Time-Dependent X-ray Crystallography Reveals Intriguing Insights on DNA Polymerase-Catalyzed DNA Synthesis and Lesion Bypass

Speaker: 
Zucai Suo, Chemistry and Biochemistry, Ohio State University
Location: 
RHPH 164
Date / Time: 
Thursday, September 21, 2017 - 4:00pm
Host: 
Dr. Zhong-Yin Zhang
Abstract:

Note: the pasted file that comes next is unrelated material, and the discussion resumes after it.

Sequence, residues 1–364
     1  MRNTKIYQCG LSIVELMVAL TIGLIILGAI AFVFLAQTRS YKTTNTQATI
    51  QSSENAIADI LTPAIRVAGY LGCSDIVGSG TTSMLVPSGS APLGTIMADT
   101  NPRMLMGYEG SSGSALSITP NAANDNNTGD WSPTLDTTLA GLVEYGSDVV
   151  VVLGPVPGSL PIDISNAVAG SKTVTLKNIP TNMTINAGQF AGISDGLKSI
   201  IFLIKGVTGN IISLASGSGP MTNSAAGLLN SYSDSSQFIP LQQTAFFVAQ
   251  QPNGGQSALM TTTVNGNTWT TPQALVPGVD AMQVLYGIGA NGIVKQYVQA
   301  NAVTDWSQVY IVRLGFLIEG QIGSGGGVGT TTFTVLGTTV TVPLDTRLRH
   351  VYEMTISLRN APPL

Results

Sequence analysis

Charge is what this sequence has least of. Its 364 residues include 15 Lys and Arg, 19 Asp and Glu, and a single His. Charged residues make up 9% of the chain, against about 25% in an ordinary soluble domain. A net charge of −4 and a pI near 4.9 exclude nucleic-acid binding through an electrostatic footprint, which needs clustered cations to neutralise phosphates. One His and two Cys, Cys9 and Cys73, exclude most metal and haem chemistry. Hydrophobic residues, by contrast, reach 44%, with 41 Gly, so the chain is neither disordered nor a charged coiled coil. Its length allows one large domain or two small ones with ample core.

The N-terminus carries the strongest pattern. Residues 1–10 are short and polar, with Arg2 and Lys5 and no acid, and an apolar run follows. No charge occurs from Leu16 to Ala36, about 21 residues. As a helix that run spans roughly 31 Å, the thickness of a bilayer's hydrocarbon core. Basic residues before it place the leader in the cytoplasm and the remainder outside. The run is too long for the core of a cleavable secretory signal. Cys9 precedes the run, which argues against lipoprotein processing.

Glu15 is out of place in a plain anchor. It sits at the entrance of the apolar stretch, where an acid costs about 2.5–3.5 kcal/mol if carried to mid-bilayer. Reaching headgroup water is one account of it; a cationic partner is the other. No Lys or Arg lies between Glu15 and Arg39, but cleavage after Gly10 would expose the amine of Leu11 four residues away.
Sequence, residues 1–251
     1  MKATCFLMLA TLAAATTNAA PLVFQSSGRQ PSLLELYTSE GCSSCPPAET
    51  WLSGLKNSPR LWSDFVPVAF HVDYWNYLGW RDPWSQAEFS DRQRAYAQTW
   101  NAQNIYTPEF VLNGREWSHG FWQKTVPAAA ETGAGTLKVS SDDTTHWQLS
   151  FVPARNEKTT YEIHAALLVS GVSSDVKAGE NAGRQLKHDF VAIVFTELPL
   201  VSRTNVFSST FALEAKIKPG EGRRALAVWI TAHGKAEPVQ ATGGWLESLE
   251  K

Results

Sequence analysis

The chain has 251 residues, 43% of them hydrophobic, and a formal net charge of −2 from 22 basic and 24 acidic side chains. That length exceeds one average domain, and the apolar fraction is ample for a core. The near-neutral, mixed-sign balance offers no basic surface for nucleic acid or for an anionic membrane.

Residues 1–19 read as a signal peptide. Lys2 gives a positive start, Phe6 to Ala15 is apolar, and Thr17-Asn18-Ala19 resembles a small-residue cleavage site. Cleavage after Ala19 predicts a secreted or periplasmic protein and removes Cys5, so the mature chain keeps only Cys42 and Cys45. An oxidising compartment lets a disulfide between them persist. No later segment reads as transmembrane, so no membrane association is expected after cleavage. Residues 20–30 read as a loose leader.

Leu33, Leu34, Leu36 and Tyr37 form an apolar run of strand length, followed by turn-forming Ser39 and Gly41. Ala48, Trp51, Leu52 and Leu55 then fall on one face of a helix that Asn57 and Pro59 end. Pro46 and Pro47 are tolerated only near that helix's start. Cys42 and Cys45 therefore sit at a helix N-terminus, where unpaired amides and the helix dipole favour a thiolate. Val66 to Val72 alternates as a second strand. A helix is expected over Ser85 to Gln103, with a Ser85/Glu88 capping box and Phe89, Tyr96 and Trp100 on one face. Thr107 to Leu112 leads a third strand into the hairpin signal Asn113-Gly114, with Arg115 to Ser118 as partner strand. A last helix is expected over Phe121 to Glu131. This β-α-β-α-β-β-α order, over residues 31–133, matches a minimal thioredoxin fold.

DNA polymerases are responsible for replicating DNA in an efficient and faithful manner. Over the years the steps of the catalytic mechanism leading up to nucleotide incorporation have been well tested and described. However, the post-chemistry events are difficult to investigate and are less understood. In addition, the perturbation of the catalytic mechanism by DNA damage has been of high interest to the field. To answer these difficult mechanistic questions, our lab has investigated human DNA polymerase β (hPolβ), a key enzyme involved in human base excision repair (BER) pathway. Recently, we utilized nucleotide analogs to structurally investigate the post-catalytic events following hPolβ-catalyzed nucleotidyltransfer and employed time-dependent X-ray crystallography to follow the bypass and extension from a common oxidative DNA lesion, 8-oxoG, often repaired through BER. Contrary to the hypothesis that pyrophosphate (PPi) product release would trigger or occur concurrently with the reverse conformational change of the hPolβ thumb domain after phosphodiester bond formation, we found PPi remain bound following the reverse protein conformational change thereby defining the precise order of post-chemistry events. In addition, we show that the newly identified third divalent metal ion does not appear to facilitate the product release as previously proposed. During the bypass and extension from 8-oxoG, we observe a third divalent metal ion, and identify the structural bases for the relatively unfaithful bypass and subsequent inefficient extension of the mismatched bypass products. Together, these studies help answer key mechanistic questions left unanswered by kinetic and traditional structural approaches as well as shed light on the involvement of hPolβ in DNA repair and human diseases.

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